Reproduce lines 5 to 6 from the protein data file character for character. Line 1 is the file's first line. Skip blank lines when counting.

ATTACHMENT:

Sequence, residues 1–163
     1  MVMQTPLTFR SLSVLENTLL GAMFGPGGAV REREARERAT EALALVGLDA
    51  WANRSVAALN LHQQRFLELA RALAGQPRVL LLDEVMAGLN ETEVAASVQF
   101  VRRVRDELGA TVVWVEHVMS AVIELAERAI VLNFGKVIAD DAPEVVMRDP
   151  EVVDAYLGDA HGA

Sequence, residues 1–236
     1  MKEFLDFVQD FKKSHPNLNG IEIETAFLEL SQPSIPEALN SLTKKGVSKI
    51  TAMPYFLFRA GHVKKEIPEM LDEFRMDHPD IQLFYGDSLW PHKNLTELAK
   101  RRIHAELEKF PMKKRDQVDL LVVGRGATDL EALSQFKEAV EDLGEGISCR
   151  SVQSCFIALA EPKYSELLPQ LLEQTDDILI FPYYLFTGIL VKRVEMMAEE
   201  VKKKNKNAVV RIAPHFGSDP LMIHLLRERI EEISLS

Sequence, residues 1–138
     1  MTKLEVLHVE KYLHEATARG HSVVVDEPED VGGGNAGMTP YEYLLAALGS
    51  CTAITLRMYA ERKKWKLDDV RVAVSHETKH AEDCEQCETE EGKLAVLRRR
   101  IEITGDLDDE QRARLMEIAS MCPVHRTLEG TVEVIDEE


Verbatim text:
   151  EVVDAYLGDA HGA

Sequence, residues 1–236